Having just been reading some of the mark sheets for my final year project, I have come across an interesting mark scheme. I had naively assumed the mark which I received would be somewhere in the range 0-100% (inclusive). While this is true, I have found it is impossible to score outside of the (again inclusive) range 15-95%. And there was I thinking that daft marking procedures were left behind at school to be replaced by sensible people at university. Apparently not.
I came back to university on Saturday and the wireless keyboard I use on my computer died soon after I started using it. I assumed that the batteries were flat, but that soon turned out not to be the case. I took it apart to check for loose wires and the like, but (as expected) couldn’t find the problem. I finished off what I was doing using the windows on-screen keyboard and dealt with emails from my mobile phone. The keyboard now lies dead next to my desk waiting to be thrown out (I’m not just being lazy, the outside bin is full and the second bin is the other side of lots of snow).
The keyboard is dead.
Long live the keyboard!
It wasn’t realistic for me to work without a keyboard, so I purchased one pronto and it arrived on Monday. It’s an ergonomic keyboard, which serves to highlight that I can’t type properly. I can manage a reasonable speed, but I’m still really just a two finger typist (though depending on where the key I want is I might use any finger or thumb).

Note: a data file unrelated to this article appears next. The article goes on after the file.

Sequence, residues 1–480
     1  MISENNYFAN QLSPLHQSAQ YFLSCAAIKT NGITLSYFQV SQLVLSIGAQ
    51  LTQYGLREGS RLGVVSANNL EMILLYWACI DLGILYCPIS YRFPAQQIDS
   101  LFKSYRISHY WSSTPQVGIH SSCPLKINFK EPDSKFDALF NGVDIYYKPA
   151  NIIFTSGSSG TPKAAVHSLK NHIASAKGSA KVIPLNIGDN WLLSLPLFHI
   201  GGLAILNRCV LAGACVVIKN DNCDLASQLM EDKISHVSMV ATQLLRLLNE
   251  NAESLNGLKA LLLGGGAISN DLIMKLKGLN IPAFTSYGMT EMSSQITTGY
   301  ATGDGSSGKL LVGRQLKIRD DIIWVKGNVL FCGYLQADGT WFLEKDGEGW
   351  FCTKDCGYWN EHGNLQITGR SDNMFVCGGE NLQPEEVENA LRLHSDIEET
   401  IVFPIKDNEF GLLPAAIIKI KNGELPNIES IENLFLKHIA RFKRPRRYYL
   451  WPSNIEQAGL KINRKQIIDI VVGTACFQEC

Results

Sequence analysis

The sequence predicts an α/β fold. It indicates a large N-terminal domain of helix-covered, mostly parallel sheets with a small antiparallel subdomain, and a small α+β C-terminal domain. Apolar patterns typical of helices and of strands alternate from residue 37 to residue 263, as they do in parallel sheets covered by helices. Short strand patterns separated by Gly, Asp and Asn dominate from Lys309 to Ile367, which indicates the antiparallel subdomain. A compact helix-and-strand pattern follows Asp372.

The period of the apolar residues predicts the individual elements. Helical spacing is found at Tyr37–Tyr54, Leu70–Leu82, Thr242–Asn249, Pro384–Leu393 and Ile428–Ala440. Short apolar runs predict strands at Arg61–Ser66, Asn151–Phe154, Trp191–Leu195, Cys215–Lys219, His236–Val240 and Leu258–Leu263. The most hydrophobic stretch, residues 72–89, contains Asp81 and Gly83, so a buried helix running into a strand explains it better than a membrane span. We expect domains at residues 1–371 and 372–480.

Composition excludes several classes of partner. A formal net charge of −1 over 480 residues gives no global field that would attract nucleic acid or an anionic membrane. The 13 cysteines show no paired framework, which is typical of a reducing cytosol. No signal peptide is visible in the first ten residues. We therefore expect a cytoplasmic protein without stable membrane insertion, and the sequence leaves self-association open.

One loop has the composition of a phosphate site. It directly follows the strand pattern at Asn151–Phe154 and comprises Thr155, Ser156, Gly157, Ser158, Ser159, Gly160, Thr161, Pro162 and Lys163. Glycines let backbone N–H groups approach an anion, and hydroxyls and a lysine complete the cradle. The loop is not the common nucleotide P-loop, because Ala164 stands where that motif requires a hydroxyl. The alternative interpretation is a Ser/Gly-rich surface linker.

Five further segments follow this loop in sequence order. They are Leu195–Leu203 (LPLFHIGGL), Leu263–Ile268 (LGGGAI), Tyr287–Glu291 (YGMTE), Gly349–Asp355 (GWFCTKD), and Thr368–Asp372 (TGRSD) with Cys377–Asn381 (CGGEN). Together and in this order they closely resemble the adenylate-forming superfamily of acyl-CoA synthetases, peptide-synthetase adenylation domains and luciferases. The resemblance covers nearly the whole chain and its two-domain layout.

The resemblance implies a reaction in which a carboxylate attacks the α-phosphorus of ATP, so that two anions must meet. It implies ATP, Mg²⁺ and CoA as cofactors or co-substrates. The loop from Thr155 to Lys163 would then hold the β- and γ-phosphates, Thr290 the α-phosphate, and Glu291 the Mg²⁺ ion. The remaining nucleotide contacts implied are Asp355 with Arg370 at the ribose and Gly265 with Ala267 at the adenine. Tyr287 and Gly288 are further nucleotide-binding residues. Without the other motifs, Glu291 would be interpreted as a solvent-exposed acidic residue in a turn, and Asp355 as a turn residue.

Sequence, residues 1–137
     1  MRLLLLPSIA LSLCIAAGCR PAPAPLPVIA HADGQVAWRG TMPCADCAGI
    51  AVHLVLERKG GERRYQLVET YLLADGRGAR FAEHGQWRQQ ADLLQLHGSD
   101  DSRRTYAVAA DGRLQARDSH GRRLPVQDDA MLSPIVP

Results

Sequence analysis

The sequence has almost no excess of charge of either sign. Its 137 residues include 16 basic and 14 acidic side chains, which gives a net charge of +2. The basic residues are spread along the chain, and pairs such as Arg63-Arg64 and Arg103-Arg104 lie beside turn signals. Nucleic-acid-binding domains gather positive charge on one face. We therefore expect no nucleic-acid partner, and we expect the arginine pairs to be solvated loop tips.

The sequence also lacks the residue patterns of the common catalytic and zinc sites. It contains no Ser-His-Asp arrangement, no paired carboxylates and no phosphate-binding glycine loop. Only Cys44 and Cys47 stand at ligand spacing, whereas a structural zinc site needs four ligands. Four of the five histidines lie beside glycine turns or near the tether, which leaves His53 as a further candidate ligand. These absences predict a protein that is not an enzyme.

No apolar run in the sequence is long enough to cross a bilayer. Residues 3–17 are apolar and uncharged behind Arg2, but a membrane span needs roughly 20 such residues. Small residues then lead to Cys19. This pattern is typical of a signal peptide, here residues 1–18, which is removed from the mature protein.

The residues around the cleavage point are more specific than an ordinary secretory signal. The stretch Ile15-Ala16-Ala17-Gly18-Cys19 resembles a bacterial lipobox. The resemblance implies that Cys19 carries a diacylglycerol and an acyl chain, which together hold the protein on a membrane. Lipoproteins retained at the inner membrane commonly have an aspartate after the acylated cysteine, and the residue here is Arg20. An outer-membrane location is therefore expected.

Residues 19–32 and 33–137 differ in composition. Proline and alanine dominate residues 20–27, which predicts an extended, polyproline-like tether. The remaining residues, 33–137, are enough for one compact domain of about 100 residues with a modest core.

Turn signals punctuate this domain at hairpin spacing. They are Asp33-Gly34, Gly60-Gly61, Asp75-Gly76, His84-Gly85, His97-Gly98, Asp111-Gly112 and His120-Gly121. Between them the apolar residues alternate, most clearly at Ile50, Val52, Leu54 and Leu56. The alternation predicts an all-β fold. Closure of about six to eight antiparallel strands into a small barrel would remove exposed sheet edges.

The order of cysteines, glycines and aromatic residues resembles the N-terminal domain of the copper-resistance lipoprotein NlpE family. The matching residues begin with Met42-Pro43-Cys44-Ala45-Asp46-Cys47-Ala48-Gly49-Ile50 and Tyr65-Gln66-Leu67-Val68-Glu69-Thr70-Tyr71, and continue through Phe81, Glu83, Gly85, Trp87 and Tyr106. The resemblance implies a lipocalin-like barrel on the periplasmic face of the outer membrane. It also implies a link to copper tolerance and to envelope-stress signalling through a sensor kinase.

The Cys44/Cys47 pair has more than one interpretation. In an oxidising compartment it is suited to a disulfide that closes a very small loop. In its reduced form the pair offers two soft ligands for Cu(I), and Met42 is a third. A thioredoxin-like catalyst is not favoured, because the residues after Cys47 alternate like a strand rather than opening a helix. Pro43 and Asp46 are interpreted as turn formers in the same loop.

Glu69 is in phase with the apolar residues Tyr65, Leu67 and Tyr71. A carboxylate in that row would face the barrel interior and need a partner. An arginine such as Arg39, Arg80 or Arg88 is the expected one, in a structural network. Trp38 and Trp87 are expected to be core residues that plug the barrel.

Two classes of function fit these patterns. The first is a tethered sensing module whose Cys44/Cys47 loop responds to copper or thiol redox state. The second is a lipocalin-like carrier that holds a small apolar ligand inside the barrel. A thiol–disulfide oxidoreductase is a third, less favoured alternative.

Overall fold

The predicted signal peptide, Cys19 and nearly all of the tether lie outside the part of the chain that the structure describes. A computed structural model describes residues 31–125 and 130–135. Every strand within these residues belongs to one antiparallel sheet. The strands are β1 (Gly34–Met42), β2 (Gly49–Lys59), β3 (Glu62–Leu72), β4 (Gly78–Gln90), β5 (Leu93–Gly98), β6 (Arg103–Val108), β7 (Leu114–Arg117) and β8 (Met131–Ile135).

Touch typing is virtually always faster than typing like I do, but it takes time and effort to learn. As I googled for a website that would teach me I came across one which also listed some extra benefits I’d not previously considered. Touch typing is more efficient once you’re proficient at it, because you can have confidence that what you type is the same as what you mean to type. This allows you to avoid wasting time looking at the keyboard or screen when typing something from a paper document, and means you don’t have to break your train of thought if you’re authoring the content as you type. The typing should not only be fast, but accurate.
Typing tests take both into account, measuring speed (measured in words per minute, wpm, in which a ‘word’ is defined as 5 key presses) and accuracy (reporting the number of mistakes). Using my usual typing style I took a typing test and was asked to type this:
“My name is O’Kelly, I’ve heard the Revelly From Birr to Bareilly, from Leeds to Lahore, Hong-Kong and Peshawur, Lucknow and Etawah, And fifty-five more all endin’ in “pore”. Black Death and his quickness, the depth and the thickness, Of sorrow and sickness I’ve known on my way, But I’m old and I’m nervis, I’m cast from the Service, And all I deserve is a shillin’ a day. Shillin’ a day, Bloomin’ good pay, Lucky to touch it, a shillin’ a day!”
My result was 53wpm, with 3 mistakes (though I could only find one, even though they were highlighted in bold – two looked to me like they were identical to the desired words!). The challenge now is to invest the effort to learn to touch type and see how much I can improve.